Iran’s national oil company NIOC lifted the official selling price of its flagship Iran Light grade for Asian buyers by $0.35 per barrel, 5 cents less than Saudi Aramco’s change for Arab Light, putting it at a $3.85 per barrel premium to Oman/Dubai. None of Iran’s exports trade that high as NIOC routinely needs to discount its crude to incentivize Chinese buyers to maintain high rates of buying. With the ongoing escalation in Gaza prompting US authorities to take a more hawkish stance vis-à-vis Tehran, as could be seen from recent sanctions against Asian companies allegedly facilitating Iran’s drone and missile programs, the question whether NIOC can maintain the current high pace of exports is central to the Middle Eastern country’s outlook. For the time being, there has been no impact on outflows, the overwhelmingly China-bound flows are still around 1.4-1.5 million b/d, however Tehran has scaled back its ambitious plans to ramp up crude output above the 3.2 million b/d last reported by the country’s oil ministry.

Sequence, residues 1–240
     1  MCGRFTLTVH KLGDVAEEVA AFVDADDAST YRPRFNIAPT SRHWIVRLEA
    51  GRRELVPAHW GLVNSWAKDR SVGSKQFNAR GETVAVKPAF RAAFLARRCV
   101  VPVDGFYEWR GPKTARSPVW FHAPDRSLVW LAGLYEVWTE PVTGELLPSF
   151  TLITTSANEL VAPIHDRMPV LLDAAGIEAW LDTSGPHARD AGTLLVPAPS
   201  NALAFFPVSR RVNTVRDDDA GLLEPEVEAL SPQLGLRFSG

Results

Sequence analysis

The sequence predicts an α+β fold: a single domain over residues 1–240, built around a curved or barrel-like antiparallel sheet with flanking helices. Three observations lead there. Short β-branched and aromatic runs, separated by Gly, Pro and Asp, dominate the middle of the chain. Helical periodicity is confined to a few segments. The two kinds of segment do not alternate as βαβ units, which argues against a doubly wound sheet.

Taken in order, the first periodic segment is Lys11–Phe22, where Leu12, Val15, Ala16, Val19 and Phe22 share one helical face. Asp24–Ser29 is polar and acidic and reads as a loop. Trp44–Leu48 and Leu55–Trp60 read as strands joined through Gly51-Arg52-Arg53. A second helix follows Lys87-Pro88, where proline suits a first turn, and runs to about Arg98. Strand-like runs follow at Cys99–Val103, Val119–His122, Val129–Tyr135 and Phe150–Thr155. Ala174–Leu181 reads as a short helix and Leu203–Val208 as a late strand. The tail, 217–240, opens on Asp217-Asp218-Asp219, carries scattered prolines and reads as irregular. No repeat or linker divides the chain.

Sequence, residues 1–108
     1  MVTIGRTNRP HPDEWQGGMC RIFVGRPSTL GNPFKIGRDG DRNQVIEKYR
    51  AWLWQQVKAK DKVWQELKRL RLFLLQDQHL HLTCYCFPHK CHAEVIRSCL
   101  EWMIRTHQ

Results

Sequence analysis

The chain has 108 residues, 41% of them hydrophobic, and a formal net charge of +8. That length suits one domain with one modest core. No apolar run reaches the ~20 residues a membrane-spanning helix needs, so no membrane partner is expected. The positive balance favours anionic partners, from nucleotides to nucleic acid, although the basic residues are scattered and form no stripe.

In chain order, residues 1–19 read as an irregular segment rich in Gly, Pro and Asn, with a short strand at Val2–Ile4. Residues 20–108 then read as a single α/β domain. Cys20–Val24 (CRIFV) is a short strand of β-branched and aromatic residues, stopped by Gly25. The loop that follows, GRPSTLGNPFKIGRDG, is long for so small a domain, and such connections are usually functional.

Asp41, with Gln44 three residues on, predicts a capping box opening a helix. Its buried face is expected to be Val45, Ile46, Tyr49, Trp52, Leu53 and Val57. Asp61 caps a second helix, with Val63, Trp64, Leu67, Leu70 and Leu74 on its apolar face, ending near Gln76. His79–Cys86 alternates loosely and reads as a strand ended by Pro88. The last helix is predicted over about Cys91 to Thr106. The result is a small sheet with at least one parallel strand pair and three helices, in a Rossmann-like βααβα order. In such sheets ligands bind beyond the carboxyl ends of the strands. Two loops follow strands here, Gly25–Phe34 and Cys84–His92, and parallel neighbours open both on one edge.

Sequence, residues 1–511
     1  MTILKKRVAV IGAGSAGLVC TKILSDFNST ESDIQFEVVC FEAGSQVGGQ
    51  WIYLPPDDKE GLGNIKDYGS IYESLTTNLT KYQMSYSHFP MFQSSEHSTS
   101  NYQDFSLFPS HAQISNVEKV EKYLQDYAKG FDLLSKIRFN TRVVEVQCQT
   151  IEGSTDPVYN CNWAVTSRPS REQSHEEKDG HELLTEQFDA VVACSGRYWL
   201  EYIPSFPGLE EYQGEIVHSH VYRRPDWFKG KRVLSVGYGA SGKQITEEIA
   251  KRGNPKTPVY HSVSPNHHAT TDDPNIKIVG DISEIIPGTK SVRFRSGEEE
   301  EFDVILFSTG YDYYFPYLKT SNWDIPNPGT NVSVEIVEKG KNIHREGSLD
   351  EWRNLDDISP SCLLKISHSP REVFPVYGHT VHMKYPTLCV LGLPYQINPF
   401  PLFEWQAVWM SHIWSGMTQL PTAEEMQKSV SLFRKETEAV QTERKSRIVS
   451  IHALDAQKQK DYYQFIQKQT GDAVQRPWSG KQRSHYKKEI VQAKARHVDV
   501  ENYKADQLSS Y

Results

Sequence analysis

Chart 7. Kuwait Export Blend official selling prices into Asia, compared with Arab Medium and Iranian Heavy (vs Oman/Dubai average).
Kuwait’s national oil company KPC straightforwardly mirrored Saudi Aramco’s rollover of the Asia-bound formula price for Arab Medium and kept the November OSP of Kuwait Export Crude unchanged at a $3.05 per barrel premium to Oman/Dubai. In that same vein, the other Kuwaiti grade coveted in the wider market, the light sweet Kuwait Super Light (48 API and sulfur content of 0.4%) was hiked by $0.5 per barrel, the exact same amount as Arab Extra Light was a couple of days before that, bringing KSLC to a $2.95 per barrel premium to Oman/Dubai. Seeing its product exports go up 50% year-on-year to almost 750,000 b/d, largely a consequence of Al Zour being finally fired up with all three CDUs working, Kuwait has been mostly in the news due to its oil products and not crude. The recent shift to use more low-sulfur fuel oil (LSFO) in the Middle Eastern country’s power generation instead of HSFO is yet another example of this trend, marking probably the last step in Al Zour’s normal operations.
By Gerald Jansen for Oilprice.com